Some learned (even when it went against everything they were feeling) to lean on the absolutely reliable instruments to guide them safely to their destination.

These years since Dominic ran ahead to heaven feel like instrument flying.

clouds

I’m in the clouds.

The landmarks I’ve used for navigation all my life are obscured and sometimes I can’t even tell if I’m upside down or right side up. I don’t know if I’m going fast enough to stay in the air or if I’m about to stall.  I’m tempted to use my feelings to determine true north and to decide on a course of action.

But I know if I do, I’m likely to crash.

If I ignore the trustworthy and unchangeable truth of God’s Word, I will find myself headed exactly opposite of where I want to go.

If I refuse to listen to good counsel-people I can trust and who are in a position to see my blind spots-then I cannot correct my path.

When a student decided not to pay attention to the instruments, my dad was right there to take over and get them safely back on the ground.  

But for this flight I’m on my own.  If I decide to trust my untrustworthy feelings, there’s no one to rescue me.  

I have to make a choice.  

I have to learn to acknowledge but not trust the feelings that would send me spiraling downward and reach for the truth that can help me steady my flight.

I have got to plot my course based on absolute, reliable Truth.  

The pilots that learn to fly in heavy clouds often still feel frightened.  They sometimes still feel confused and disoriented.

But they have learned that it’s possible to feel those things and not act on them. 

I am learning that too. 

hold-the-truth

Why I Won’t Forget Death: Lessons in Living

The other day I listened to an NPR interview of Amy Tan, author of the Joy Luck Club among other best-selling titles.

Her brother and father died within an year of one another when she was fifteen.

I was spell-bound as she recounted some of how that experience shaped her adolescence and still shapes her today.  I identified with things I am observing in my children and things I feel in my own heart.

She said she thinks about death every day.  Not in a morbid sense, but in the sense that she is very aware death is every human’s experience, eventually.

Some of her friends call her paranoid.

Some of my friends call me gloomy.

But she went on to say that thinking about death gave her a precious gift:  It made her constantly evaluate if what she is doing right now matters, if it is truly her passion and if it is something she will be glad she did when her time comes to pass from this life into the next.

I think she’s right.

Solomon said, “It is better to go to the house of mourning Than to go to the house of feasting, For that [day of death] is the end of every man, And the living will take it to heart and solemnly ponder its meaning.”  Ephesians 7:2 AMP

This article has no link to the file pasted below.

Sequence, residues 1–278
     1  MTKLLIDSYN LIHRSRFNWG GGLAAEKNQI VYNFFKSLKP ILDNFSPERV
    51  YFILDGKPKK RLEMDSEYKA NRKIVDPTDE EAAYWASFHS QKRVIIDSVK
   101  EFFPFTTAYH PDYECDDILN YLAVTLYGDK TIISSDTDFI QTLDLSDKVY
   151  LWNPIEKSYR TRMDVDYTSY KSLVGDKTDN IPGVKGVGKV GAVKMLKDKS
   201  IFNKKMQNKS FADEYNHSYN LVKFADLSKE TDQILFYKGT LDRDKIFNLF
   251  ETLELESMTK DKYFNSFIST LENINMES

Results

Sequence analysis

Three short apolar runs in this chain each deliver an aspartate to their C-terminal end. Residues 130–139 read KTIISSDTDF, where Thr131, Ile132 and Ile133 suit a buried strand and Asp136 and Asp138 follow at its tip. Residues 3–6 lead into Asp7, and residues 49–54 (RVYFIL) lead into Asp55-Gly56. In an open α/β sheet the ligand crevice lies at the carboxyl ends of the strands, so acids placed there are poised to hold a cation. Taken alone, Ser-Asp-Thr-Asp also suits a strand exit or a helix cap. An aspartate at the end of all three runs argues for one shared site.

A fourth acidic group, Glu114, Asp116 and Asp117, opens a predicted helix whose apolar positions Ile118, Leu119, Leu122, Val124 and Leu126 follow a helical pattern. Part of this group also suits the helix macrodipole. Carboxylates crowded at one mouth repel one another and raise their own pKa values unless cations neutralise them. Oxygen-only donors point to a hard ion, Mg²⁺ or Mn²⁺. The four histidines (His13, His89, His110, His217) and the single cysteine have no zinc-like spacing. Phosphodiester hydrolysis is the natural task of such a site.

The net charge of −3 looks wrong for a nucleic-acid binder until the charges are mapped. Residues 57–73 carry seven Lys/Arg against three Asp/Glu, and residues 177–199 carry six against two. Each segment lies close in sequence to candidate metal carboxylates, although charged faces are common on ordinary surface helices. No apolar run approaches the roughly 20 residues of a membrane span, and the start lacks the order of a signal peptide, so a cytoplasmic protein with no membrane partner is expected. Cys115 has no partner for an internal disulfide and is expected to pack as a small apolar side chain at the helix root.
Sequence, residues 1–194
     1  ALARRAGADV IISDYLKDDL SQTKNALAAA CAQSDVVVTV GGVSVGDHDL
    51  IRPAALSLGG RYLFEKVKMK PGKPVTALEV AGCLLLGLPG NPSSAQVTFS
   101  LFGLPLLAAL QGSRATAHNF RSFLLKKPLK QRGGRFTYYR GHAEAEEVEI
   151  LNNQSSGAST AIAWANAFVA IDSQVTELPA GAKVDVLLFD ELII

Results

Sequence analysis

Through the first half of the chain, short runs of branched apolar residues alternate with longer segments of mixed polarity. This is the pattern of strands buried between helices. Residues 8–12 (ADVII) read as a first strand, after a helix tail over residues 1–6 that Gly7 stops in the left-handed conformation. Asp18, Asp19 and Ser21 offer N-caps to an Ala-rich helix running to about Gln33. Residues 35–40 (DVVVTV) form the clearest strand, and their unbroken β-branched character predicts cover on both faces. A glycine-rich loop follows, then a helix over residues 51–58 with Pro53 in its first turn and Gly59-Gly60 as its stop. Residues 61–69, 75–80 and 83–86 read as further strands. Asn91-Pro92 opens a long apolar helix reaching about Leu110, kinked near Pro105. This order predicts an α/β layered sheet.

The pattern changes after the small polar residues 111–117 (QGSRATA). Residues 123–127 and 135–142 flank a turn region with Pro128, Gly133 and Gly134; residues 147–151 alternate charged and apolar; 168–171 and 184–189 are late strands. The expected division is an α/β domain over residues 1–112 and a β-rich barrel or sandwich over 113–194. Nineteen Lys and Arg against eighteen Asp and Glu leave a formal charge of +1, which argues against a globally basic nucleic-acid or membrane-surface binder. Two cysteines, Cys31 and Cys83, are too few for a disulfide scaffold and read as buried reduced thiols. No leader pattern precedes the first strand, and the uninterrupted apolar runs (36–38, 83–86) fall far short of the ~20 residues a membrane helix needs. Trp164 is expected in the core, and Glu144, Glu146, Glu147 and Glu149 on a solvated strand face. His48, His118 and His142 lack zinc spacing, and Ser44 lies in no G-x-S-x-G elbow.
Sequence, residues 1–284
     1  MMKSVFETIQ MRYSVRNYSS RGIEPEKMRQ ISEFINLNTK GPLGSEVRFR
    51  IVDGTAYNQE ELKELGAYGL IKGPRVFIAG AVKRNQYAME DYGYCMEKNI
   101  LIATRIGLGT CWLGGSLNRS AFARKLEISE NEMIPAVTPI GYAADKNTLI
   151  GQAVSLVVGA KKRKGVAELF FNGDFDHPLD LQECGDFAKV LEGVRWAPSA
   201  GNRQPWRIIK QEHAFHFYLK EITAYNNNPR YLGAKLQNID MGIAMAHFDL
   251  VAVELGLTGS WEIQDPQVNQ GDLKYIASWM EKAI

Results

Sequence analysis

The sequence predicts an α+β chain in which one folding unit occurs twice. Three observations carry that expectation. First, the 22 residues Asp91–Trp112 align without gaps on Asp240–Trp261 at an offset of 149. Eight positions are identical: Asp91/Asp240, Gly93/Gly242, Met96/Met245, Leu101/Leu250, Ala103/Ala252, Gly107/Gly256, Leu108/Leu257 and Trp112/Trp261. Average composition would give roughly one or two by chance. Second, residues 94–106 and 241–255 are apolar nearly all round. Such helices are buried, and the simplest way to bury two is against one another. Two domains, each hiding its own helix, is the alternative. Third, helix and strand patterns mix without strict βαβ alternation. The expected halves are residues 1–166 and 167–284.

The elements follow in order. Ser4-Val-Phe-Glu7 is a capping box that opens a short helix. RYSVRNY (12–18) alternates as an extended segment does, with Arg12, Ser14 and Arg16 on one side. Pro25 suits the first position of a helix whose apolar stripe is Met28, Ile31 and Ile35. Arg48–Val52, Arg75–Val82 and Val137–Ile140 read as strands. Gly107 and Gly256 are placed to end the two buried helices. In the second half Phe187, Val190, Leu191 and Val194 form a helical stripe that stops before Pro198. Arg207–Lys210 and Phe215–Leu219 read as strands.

It’s easy to get caught up in everyday details and forget the sweep of life.  It’s tempting to fritter away a day, a month, a year, a decade doing meaningless and unfulfilling things.  But my time is limited-whether I am 20 or 40 or 60.

Burying Dominic has made me zealous to make every day count.  It has made me impatient with foolish pursuits and material measures marking success or failure.

I will not waste the years I have left on things that don’t matter.

And I will measure what matters by the yardstick of death.

“Whatever will matter on our dying day, and then when we stand before the Lord, is what matters most today, right now, at this instant.”
~Ray Ortlund

life in your years

Things I’m Learning

The way things are supposed to be isn’t always the way things are.

I can experience joy and sorrow in the same breath.

The capacity to love and extend grace is enlarged by suffering if I submit to it and don’t fight it.

Never, never, NEVER underestimate the power of presence or texts or the random, “thinking of you” card.

Encouragement comes from unexpected sources.

Truth is the best defense against lies.

I was not nearly as grace-filled or kind as I thought I was before Dominic died. I’m trying to do better.

Hard things are hard.

Sad things are sad.

There’s no use pretending to be stronger than I am, God knows already and no one else is served by my pretending.

Questions are o.k.

My faith is a gift from God, is kept by God and I cannot “lose” it.

Grief is exhausting.

Life is exhausting.

Doing both at the same time is REALLY exhausting.

There is no limit to the pain you may have to endure this side of heaven.

Lightning can strike twice in the same place, and fear of what you know by experience trumps fear of the unknown by miles.

I can decide where to focus my thoughts.

Feeding fear is a choice. feeling fear is not.